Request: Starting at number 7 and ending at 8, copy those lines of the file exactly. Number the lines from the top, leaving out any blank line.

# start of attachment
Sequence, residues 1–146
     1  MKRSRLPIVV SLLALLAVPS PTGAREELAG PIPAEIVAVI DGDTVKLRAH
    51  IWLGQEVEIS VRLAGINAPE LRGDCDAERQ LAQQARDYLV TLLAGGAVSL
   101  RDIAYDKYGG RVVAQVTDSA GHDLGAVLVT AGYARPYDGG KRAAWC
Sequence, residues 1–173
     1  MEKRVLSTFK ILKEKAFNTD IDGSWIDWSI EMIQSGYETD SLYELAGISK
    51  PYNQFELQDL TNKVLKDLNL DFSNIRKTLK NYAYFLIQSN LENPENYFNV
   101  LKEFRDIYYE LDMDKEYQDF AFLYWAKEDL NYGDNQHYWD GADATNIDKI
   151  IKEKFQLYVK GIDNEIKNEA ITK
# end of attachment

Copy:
    51  PYNQFELQDL TNKVLKDLNL DFSNIRKTLK NYAYFLIQSN LENPENYFNV
   101  LKEFRDIYYE LDMDKEYQDF AFLYWAKEDL NYGDNQHYWD GADATNIDKI